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Abstract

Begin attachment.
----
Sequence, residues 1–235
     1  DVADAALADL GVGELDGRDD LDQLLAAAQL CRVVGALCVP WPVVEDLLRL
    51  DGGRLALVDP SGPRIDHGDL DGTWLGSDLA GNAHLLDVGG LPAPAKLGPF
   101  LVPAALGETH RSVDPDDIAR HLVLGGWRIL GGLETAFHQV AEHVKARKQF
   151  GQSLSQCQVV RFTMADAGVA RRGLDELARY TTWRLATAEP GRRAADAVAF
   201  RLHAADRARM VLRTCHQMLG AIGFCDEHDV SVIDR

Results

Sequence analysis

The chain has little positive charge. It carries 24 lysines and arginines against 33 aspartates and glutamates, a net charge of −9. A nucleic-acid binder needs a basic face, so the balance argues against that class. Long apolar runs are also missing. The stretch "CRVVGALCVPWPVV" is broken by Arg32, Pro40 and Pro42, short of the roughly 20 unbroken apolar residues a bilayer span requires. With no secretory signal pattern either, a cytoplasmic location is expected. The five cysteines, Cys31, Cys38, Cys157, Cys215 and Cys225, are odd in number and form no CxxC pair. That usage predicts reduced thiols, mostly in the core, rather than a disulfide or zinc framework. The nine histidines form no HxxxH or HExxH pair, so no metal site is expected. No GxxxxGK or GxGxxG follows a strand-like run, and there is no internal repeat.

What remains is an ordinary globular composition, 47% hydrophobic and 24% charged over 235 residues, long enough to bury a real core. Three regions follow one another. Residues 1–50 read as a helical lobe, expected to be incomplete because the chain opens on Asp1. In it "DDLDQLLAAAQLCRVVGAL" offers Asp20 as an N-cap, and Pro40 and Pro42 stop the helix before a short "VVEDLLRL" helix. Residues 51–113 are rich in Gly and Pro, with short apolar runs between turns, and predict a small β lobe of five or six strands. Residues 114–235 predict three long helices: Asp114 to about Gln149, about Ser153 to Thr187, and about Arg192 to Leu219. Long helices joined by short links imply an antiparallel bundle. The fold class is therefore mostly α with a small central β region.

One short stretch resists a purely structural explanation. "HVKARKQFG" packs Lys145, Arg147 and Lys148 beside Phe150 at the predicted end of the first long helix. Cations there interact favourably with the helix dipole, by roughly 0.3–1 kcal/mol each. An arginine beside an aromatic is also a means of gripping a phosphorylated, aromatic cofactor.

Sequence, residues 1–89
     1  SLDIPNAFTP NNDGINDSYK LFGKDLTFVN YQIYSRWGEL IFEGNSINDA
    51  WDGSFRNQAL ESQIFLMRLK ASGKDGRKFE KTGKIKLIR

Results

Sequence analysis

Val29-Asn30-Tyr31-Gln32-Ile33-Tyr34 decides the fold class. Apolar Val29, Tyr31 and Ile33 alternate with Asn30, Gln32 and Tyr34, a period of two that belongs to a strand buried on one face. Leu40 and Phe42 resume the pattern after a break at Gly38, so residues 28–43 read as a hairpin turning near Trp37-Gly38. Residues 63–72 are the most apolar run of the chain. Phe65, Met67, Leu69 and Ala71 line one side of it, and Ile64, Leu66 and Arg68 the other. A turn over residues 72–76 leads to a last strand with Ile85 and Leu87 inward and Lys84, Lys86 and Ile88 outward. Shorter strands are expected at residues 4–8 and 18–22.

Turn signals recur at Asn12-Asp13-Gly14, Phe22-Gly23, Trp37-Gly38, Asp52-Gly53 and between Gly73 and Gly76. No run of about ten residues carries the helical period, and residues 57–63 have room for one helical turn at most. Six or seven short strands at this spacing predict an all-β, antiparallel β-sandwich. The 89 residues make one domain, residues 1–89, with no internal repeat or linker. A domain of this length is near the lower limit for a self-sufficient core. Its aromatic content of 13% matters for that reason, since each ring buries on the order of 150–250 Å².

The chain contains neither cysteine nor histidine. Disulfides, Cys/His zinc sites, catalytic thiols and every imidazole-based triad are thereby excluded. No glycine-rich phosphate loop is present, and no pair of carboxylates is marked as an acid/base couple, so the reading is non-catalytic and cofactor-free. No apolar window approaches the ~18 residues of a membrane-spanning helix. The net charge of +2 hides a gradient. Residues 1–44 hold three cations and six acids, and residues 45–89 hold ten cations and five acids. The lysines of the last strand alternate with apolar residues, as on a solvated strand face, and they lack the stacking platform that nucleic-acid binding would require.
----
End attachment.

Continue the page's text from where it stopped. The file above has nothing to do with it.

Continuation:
According to the NASW Code of Ethics, social workers are called to engage in political activity at the micro, mezzo and macro levels for the advancement of social justice and human rights. NASW has mechanisms in place to aggregate the voices of individual social workers through political activity. Drawing on a model of civic voluntarism, the aim of this study was to examine the impact of political activity on decisions by Texas social workers to join or re-join NASW, as well as their opinions on the political engagement of NASW/Texas. This study employs a non-experimental, exploratory, cross-sectional survey design to assess political participation of social workers and their view of how politically active NASW as an organization should be. The survey was sent to all attendees of the 2013 NASW/Texas Conference, held in Austin, Texas. The conference attendees (n = 789) included NASW members (n = 643), and non-members (n = 146). A total of 148 responded to the survey, yielding a 19% response rate. The findings of the study suggest that political activity at the organizational level positively impacts social workers’ decisions to join or maintain their NASW membership.

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